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Movie Mania – Critics Groups, Academy Awards, Golden Globes

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With today’s release of the Oscar nominations the 30 plus film critics groups are patting themselves on the back, or wondering if they saw the same films as the Academy voters. The buzz a few years ago when the Academy announced it would begin nominating 10 films in the Best Picture awards was louder than the applause for the actual nominees. Yet this years’ list – Black Swan, The Fighter, Inception, The Kids Are All Right, The King’s Speech, 127 Hours, The Social Network, Toy Story 3, True Grit, and Winter’s Bone – seems appropriate and is reflected in a majority of the critics groups’ five Best Picture picks.

The slew of film critics groups across the country that begin releasing their own picks about the second week of December sets off an avalanche of online sites who release the groups’ votes. Some of the web hosts also add their own comments – good, bad and even sarcastic – they certainly add an even further entertaining element to this entire process.

As a co-founder and member of the San Diego Film Critics Society since 1997, I’m still surprised and in some ways proud of our eclectic year-end picks every year. The group, made up of radio, online and print critics, begins the season with a think list, discussions about the films and then the lively day of voting.

It’s true we rarely follow the mainstream critics’ choices. Whether this is good or bad is up to interpretation. But so are reactions to movies. In fact, place 15 people of any workforce – movie, film, theatre critics, policemen, farmers, truck drivers – together and most likely the majority will not agree on everyday issues.

Movies today are one of the most influential mediums in our world. They showcase our history; take us away from reality and become a part of our everyday lives by determining what clothes we wear, what we say, how we react to others, impacting us financially and more. Critiquing a film is quite different than having an opinion about it. Some of the best critics today have degrees in film studies, but most others who do not can still dissect a movie intelligently.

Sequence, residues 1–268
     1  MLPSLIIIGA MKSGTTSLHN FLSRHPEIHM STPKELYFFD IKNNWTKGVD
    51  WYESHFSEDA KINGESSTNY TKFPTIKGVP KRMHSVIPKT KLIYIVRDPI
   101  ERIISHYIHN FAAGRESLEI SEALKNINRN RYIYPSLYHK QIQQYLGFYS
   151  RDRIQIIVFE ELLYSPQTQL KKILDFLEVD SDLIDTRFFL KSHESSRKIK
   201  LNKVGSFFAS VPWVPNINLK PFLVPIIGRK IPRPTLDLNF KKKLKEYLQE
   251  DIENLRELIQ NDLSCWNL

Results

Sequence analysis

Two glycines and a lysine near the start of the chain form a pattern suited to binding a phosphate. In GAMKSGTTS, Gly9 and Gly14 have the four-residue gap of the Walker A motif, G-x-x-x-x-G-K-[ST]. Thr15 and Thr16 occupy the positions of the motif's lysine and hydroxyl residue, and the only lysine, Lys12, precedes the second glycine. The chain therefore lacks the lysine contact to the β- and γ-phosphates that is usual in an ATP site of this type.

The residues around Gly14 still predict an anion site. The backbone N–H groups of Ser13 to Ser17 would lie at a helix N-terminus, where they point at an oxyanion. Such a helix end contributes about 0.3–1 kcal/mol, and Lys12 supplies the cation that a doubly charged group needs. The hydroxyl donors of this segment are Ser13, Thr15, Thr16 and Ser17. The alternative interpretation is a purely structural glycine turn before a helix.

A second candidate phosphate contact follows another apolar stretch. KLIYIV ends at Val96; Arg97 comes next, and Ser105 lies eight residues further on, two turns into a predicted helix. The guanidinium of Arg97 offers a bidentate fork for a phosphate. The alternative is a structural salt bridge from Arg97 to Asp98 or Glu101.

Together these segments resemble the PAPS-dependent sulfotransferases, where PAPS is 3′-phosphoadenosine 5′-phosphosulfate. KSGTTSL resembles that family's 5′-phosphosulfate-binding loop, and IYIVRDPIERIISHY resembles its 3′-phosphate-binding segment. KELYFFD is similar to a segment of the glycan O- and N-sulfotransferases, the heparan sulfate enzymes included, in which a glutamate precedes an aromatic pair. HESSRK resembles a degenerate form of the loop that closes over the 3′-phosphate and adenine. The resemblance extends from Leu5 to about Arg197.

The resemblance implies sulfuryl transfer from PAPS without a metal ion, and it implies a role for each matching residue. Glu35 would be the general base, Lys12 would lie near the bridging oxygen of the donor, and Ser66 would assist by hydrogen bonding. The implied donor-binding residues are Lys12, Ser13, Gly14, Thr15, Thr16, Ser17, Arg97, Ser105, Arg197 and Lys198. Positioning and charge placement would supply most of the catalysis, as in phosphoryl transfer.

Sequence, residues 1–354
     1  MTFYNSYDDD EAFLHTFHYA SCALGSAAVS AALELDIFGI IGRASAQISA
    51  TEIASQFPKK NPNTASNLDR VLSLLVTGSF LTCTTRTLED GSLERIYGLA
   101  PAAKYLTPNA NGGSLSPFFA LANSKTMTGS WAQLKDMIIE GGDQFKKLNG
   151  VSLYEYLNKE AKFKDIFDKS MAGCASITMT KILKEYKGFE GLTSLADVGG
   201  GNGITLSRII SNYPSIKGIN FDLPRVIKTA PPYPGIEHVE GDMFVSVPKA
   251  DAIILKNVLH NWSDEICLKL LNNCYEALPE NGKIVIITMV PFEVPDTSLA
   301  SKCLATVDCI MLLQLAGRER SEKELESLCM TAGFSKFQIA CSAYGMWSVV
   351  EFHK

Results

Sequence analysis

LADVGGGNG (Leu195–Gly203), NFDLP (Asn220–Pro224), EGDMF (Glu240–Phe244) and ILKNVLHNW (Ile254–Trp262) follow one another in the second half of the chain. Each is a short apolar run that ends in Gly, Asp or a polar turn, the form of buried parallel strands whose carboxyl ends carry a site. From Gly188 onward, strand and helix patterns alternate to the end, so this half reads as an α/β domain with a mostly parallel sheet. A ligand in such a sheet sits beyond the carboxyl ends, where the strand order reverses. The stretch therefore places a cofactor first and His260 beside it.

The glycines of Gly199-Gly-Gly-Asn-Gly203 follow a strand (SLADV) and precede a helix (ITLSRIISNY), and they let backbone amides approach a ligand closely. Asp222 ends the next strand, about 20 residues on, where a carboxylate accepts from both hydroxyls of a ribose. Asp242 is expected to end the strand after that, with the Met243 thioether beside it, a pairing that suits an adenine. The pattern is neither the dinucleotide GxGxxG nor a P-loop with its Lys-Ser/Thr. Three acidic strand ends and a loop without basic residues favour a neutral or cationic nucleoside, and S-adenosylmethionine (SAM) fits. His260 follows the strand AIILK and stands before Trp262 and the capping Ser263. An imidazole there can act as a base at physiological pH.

What’s interesting about group selections is that if one looked at each individual’s top picks they are often vastly different then the groups’ final selection. Because our group’s picks are so eclectic online blurbs begin the afternoon we release our selections. Since a large majority of the nation’s critics groups voted The Social Network as Best Picture and we did not, we were a target for controversy. The first comments are usually sarcastic. Some this year included, “Is there a conspiracy theory about how come they awarded a movie other than TSN?” More followed questioning our thinking abilities, credentials and reasons why. We didn’t have to do a thing to defend ourselves because then the accolades came flooding in. Comments included: “Good for the San Diego critics, who always manage to avoid catching groupthink disease,” “First to buck the trend were the iconoclasts at the San Diego Film Critics Society,” “A few sprinkles of something resembling an original though,” “Definitely a set of nominations I can respect,” San Diego film critics, who put a distinct voice forward,” “A breath of fresh air.”

Our vote for Best Picture was for Winter’s Bone – also on the Oscar nominations list as was many of our picks in the other categories. We stood out even further though for our pick of Colin Farrell for Ondine. Yet this is just an example of moviegoer’s different observations about movies and why someone might prefer to watch The Other Guys than Black Swan, or Inside Job than True Grit. There are even differences between recognized major awards shows. True Grit received 10 Academy Award-nominations, but none from the Golden Globes.

We’re a diverse county, and when an average of 400 films is released every year there’s something for everyone. That’s what makes Academy Awards night – February 27, 2011– so compelling. It’s often more rousing when a favorite film or performer doesn’t win. Will it be Natalie Portman or Jennifer Lawrence; Toy Story or How To Train Your Dragon? Whether waiting to see a favorite actor, a trendy music group perform the Best Song, or what everyone is wearing, Oscar night is a tradition not to be missed.

A complete list of the 83rd Academy Awards Nominees may be found at the Academy’s official site.

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About Diana Saenger

  • http://heloise8.wordpress.com/ Heloise

    Diana,
    Smart article. My top ten list was so similar to the AA it was scary. I have picked Kings SPeech as #1 from day one. I did not see all the nominations so I did not get some of them. I did not see 127 hours and I put on list based on what others were saying.

    But I think it’s okay to have a list that mirrors the OScars. Now, my picks are probably different from others. Like I don’t see The Social Network winning more than 1 award and not the best pic at all.

    Competition is healthy. I’ve picked best actor and actress with 100% accuracy for the past 3 years. But The Hurt Locker messed up Avatar chances. Then found out it was the killed publicist who put her movie on the map. We will see what happens this year. I wrote my predictions and don’t see Steinfeld winning her category for supporting.

    And it is so true about opinion and dissecting a movie. Precious is case in point. Black folks did not see Precious winning and just did not like it. I predicted that it would be OScar fodder and that Monique would win. So, I differed from the street opinion.
    Heloise